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Oct. 20, 1998

reprinted with permission from Cavalier Corner

On their first offensive play of the 1998 season, the Auburn Tigers determined to establish a ground game to take the heat oheir first offensive play of the 1998 season, the Auburn Tigers determined to establish a ground game to take the heat oHff first-year starter Ben Leard at quarterback ran a simple toss sweep to the left side. Tailback Demontray Carter gained seven yards before Virginia cornerback Antwan Harris ran him out of bounds.

That proved to be the Tigers’ most productive running play of the game.

None of their next 22 rushing attempts gained more than six yards. Fifteen of them, in fact, netted one yard or less. And that doesn’t include the two sacks the Cavs rang up against Leard. Figure those in, as the NCAA does, and Auburn totalled just 18 yards rushing in 27 attempts on average, just 24 inches per attempt.

That, from a defending division champion team from the vaunted Southeastern Conference, playing in front of nearly 80,000 passionate fans in its home stadium.

“Our defensive front seven played a heck of a game,” said All-American safety Anthony Poindexter, who had perhaps the best view of the impressive performance from his position in the defensive backfield.

The stat sheet showed that starting linebackers Byron Thweatt, Wali Rainer and Donny Green led the team in tackles, along with Poindexter. That’s not unusual the linebackers have long been the glory boys in the Cavalier defensive scheme, and Poindexter is, well, Poindexter.

Truth be told, though, the guys who led the charge were the men up front: the defensive line, whose ranks included two players making their collegiate debuts, a guy who started his UVa career on a lacrosse scholarship, another whose positional coach calls him an “occupational hazard,” and another whose best-known claim to Cavalier athletic fame at least for a few years was as the victim of a slashing.

Hey, defensive linemen live in a violent world.

The Scheme

A little football primer.

In the olden days, when kids lined up their little plastic players for electric football, the “coach” of the defensive team placed one of his linemen directly in front of each offensive lineman. It just seemed symmetrical.

Many real-life defenses were doing the same thing at the time. The defensive player lined up head-on over his offensive counterpart; as the ball was snapped, he tried to discern in which direction the play was headed as he engaged the blocker in front of him, and then attempted to get there first. In football parlance, that was called “two-gap” responsibility each lineman was responsible for plays that went through the holes on either side of the offensive lineman in front of him.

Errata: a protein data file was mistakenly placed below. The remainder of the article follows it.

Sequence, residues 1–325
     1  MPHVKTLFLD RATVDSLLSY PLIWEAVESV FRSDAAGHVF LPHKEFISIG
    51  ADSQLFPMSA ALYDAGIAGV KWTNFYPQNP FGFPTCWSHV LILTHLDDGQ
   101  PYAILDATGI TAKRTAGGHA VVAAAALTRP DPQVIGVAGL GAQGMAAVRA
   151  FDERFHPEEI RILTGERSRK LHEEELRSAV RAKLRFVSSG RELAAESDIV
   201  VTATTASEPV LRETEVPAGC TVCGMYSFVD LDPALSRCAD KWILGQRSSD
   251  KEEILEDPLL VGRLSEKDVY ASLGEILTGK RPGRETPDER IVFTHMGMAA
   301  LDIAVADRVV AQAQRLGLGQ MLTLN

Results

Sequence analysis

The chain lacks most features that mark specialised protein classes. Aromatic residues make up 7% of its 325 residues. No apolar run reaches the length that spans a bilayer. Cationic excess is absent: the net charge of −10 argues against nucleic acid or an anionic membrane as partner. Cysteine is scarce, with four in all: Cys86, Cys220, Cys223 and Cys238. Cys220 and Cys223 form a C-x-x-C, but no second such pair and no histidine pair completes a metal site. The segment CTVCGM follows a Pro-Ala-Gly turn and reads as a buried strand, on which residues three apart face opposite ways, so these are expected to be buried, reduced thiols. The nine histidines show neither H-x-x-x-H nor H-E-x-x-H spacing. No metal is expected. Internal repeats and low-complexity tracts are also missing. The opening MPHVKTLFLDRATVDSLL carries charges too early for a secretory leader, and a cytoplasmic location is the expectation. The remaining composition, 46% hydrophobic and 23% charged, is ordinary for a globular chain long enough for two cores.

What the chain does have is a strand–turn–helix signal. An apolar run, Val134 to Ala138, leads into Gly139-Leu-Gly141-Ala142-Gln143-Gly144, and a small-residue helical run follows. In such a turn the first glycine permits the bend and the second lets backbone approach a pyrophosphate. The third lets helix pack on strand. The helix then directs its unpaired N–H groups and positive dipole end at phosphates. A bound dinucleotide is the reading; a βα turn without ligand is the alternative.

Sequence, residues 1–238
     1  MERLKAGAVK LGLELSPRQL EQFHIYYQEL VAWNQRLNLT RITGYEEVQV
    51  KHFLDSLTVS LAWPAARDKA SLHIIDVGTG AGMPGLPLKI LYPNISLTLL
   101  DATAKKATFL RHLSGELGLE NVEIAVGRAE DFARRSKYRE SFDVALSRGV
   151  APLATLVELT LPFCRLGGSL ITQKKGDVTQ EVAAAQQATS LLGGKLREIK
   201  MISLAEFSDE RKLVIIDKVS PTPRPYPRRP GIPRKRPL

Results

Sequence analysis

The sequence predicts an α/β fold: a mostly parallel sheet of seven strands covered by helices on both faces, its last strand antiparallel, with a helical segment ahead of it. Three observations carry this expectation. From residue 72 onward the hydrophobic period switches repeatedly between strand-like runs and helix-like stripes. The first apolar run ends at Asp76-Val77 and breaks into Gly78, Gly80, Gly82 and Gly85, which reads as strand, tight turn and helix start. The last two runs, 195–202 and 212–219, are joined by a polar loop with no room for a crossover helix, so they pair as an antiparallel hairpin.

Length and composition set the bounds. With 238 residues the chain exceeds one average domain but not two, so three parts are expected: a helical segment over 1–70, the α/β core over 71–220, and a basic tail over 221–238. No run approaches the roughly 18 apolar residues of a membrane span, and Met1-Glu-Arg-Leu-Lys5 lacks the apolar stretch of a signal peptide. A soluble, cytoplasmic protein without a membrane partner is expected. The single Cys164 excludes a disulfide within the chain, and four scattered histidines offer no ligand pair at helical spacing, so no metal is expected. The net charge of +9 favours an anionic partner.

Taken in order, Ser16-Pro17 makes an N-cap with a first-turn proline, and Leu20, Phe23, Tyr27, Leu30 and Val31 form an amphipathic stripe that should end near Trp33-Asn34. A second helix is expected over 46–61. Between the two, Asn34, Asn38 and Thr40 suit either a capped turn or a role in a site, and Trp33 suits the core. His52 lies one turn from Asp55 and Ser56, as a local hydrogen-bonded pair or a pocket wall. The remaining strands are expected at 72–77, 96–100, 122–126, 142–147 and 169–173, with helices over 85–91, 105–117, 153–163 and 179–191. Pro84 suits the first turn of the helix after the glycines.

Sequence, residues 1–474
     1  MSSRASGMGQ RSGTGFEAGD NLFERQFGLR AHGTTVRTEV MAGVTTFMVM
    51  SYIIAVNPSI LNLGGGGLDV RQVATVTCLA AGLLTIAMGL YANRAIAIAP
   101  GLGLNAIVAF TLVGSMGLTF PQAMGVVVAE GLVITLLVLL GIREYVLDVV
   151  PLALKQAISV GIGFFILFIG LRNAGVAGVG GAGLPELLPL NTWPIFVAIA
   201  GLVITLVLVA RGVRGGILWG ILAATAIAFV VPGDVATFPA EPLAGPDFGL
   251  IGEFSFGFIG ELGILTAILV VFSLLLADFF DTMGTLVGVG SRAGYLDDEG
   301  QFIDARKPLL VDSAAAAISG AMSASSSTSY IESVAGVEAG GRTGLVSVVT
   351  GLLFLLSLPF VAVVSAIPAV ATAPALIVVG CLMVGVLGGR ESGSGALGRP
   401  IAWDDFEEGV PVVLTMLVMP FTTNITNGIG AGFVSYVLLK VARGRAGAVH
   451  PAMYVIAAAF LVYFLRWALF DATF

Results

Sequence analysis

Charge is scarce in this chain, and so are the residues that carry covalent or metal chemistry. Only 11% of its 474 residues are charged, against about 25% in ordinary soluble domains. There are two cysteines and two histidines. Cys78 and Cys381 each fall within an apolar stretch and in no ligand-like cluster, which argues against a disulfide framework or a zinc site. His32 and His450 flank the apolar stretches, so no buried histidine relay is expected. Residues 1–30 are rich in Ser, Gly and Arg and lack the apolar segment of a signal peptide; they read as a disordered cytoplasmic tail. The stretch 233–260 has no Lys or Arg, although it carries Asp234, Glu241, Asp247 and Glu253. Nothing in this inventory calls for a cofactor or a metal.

Jump ahead now to the Sega age. The offensive linemen break the huddle and hitch up their pants while trotting up to take their places on the line. Across the way, their defensive counterparts stand and wait for the blockers to take their positions, then position themselves where the offensive guys aren’t. If those defensive linemen are wearing Cavalier orange and blue, they might even move around a little more while the quarterback barks out the signals, seeking to create some confusion.

At the snap, the defensive linemen have one thought: Get upfield. And the fastest way to do that is to pick a side and get around the blocker, not take him on head-to-head.

“What we want em to do is to attack the offense, disrupt the blocking scheme and destroy the timing of the offense,” said assistant coach Ty Smith. “If we do those things, somebody on the team is going to make a play before the ball gets across the line of scrimmage.”

That’s the basic concept of the Cavalier defense. There are many variations on the theme occasionally, a defensive lineman may drop back into pass coverage, allowing a linebacker or defensive back to launch a surprise attack on the passer; other times, the linemen may plot amongst themselves to throw in a “twist,” in which a defensive tackle may push a blocker to the outside while a defensive end loops around to the inside, or vice versa.

The scheme has served Virginia well. Since Rick Lantz took over as defensive coordinator in 1991, the Cavs have been perennially among the nation’s leaders in stopping the run, leading the nation in that category in 1994. (They finished 21st in 1997, allowing 114 yards per game.)

The Coaches

It may come as a surprise to some that there are two coaches assigned to the defensive line. Smith, a veteran coach in his first year at Virginia, handles the defensive ends, while David Turner, in his second year, takes the tackles.

The job descriptions of the two positions are slightly different. Defensive ends are generally slightly lighter and more mobile, with more pass rush responsibility; while the tackles push the QB’s protective pocket backward, the ends attempt to cave it in from the sides.

“Sometimes you think [sacks] are an individual play, but usually they’re not,” Smith said. “The quarterback doesn’t often let the first guy hit him. Sacks usually result from one or two players doing a good job, making the quarterback move in the pocket.”

Defensive tackles are generally heavier, mostly for survival as they take on 300-pound, drive-blocking offensive linemen against the run. They do the defense’s dirty work, often occupying two or more blockers while the ends and linebackers clean up the ballcarrier.

While there are distinctions between the positions, “it’s real important that we function as a defensive line,” Smith said. “The right end and the right tackle have to be more of a team than the two defensive ends.”